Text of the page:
Noble gases are odorless, colorless, monatomic gases with very low chemical reactivity. The six naturally occurring noble gases are helium, neon, argon, krypton, xenon, and the radioactive radon. Oganesson is variously predicted to be a noble gas as well or to break the trend due to relativistic effects; its chemistry has not yet been investigated.
About Noble gas in brief
Noble gases are odorless, colorless, monatomic gases with very low chemical reactivity. The six naturally occurring noble gases are helium, neon, argon, krypton, xenon, and the radioactive radon. Oganesson is variously predicted to be a noble gas as well or to break the trend due to relativistic effects; its chemistry has not yet been investigated. Noble gases have several important applications in industries such as lighting, welding, and space exploration. A helium-oxygen breathing gas is often used by deep-sea divers at depths of seawater over 55 m. Helium is sourced from natural gas fields that have high concentrations of helium in the natural gas, using cryogenic gas separation techniques. radon is usually isolated from the radioactive decay of dissolved radium, thorium, or uranium compounds. In 1902, having accepted the evidence for the elements helium and argon, Dmitri Mendeleev included these noble gases as group 0 in his arrangement of the elements, which would later become the periodic table. After the risks caused by the flammability of hydrogen became apparent in the Hindenburg disaster, it was replaced with helium in blimps and balloons. Noble gas is translated from the German noun Edelgas, first used in 1898 by Hugo Erdmann to indicate their extremely low level of reactivity, the name makes an analogy to the term \”noble metals\”, which also have low reactivity and are also known as inert gases. The melting and boiling points for a given noble gas are close together, differing by less than 10 °C ; that is, they are liquids over only a small temperature range.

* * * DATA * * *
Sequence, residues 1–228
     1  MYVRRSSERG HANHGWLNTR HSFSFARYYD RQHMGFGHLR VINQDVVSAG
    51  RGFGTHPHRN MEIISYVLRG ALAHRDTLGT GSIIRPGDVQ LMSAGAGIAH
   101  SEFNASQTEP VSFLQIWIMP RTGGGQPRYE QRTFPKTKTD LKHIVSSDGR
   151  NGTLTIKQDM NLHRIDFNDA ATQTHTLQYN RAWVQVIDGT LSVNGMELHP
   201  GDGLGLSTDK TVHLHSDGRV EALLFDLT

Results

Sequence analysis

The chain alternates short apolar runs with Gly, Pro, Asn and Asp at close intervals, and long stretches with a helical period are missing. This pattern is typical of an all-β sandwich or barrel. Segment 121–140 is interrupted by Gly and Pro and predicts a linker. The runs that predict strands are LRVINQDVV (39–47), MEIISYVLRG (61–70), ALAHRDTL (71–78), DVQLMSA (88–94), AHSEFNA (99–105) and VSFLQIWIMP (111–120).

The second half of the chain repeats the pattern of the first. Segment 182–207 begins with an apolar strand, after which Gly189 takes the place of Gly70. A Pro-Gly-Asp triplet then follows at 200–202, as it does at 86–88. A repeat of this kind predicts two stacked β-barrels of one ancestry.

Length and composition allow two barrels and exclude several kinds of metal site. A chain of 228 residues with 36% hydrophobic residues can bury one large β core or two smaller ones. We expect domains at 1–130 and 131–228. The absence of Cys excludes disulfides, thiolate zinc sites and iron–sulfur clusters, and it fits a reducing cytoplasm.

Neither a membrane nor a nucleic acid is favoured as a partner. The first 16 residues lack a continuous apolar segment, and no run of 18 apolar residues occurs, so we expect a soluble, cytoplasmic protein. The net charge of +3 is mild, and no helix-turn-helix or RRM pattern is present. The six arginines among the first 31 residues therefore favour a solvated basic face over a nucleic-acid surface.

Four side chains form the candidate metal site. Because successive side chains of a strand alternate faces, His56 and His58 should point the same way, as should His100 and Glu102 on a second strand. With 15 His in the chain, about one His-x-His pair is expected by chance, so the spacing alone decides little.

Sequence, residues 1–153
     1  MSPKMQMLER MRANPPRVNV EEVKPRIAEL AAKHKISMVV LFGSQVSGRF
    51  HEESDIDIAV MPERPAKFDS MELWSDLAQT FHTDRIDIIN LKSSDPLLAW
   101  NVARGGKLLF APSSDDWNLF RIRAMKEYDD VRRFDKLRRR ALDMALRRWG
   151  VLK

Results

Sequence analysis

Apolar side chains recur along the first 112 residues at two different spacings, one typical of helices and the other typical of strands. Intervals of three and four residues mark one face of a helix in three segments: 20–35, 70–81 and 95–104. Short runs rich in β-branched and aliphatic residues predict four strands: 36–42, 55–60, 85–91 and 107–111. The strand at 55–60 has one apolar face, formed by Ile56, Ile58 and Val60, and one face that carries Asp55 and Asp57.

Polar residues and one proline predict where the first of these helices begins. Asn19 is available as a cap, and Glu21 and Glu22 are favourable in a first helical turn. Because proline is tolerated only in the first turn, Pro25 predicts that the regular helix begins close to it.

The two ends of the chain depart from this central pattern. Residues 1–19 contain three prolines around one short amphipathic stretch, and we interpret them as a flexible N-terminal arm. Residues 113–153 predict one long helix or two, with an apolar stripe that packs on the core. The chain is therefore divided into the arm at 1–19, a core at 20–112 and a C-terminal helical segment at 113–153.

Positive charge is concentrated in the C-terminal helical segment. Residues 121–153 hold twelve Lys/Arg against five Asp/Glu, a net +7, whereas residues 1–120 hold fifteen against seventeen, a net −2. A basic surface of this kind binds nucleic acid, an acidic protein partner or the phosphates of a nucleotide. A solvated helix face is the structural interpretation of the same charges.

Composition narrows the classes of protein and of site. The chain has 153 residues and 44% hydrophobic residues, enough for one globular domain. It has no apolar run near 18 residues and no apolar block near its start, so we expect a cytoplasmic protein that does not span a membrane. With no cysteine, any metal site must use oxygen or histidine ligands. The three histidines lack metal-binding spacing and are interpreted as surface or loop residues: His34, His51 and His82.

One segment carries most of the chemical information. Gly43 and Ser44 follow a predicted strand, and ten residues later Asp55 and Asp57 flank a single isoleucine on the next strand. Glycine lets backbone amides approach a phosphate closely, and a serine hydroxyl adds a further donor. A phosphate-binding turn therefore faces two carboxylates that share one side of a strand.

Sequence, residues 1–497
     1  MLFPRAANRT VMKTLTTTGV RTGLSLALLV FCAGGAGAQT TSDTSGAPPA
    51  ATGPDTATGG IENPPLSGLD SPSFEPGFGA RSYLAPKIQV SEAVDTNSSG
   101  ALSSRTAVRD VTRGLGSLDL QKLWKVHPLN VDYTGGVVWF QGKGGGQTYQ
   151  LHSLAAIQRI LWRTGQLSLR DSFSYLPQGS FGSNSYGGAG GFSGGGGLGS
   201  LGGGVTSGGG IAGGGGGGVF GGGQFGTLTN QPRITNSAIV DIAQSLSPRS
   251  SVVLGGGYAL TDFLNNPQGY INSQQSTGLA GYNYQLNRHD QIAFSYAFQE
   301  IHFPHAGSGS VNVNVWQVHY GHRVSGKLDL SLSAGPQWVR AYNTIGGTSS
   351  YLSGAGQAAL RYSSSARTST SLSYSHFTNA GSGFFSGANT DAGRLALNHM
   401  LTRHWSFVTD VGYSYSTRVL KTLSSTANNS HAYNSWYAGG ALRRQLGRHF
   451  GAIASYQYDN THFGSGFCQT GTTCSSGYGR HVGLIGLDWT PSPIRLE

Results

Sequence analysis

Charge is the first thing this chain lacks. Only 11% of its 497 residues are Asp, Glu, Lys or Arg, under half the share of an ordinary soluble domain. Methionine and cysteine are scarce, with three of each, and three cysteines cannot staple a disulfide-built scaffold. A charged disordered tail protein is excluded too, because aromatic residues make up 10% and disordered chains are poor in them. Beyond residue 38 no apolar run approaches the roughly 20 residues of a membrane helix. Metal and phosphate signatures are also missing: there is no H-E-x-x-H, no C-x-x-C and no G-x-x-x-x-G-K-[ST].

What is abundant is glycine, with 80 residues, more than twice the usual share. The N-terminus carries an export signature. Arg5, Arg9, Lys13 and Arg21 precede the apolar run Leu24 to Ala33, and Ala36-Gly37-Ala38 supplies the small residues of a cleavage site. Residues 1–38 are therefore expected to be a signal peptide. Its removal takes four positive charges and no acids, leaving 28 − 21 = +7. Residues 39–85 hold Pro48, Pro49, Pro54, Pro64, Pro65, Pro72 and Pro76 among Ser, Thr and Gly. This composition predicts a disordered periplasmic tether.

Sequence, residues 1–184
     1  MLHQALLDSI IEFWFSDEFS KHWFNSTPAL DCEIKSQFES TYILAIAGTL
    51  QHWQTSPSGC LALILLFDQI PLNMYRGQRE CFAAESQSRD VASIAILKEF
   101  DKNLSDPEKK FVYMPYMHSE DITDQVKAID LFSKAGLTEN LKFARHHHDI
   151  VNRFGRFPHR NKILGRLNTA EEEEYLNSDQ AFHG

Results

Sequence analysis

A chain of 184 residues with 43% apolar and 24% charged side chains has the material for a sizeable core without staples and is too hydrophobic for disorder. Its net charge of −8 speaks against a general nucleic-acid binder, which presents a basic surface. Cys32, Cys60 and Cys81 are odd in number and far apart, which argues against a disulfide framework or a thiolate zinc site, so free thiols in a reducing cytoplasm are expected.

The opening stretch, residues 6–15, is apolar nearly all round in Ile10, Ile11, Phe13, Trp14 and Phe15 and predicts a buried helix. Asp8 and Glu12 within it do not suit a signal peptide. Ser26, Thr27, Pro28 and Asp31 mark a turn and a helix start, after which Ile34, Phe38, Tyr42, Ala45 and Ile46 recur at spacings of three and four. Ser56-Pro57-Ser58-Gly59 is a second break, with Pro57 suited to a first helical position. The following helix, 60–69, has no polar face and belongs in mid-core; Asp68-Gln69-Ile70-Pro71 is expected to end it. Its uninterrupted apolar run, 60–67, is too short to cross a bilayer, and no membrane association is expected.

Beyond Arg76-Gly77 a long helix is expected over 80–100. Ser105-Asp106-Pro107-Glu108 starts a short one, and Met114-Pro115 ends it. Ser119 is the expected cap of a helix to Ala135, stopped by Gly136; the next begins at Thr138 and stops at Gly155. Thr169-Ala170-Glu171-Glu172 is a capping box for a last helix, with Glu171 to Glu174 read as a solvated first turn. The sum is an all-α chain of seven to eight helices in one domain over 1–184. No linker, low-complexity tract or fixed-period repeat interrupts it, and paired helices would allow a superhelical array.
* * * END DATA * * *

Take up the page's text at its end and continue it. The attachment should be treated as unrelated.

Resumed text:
The noble gases have also been called rare gases, but this is also inaccurate because argon forms a fairly considerable part of the Earth’s atmosphere due to decay of radioactive potassium-40. In 1898, E. J. Rayleigh and William Ramsay received the Nobel Prizes in Physics, respectively, for their discovery of the noble gases in the words of Jorn Dorn and E. E. Ramsay. Radon was first identified in 1898, but was not considered a noble gases until 1904, when its characteristics were found to be similar to those of other noble gases. For the first six periods of the periodic table, the Noble gases are exactly the members of group 18. The properties of noble gases can be well explained by modern theories of atomic structure: their outer shell of valence electrons is considered to be \”full\”, giving them little tendency to participate in chemical reactions, and it has been possible to prepare only a few hundred noble gas compounds. For example, argon is used in incandescent lamps to prevent the hot tungsten filament from oxidizing; also, helium is used to prevent oxygen, nitrogen and carbon dioxide toxicity in deep- sea divers to prevent toxicity. In 1904, Ramsay also managed to isolate helium for the first time while heating cleveite, a mineral.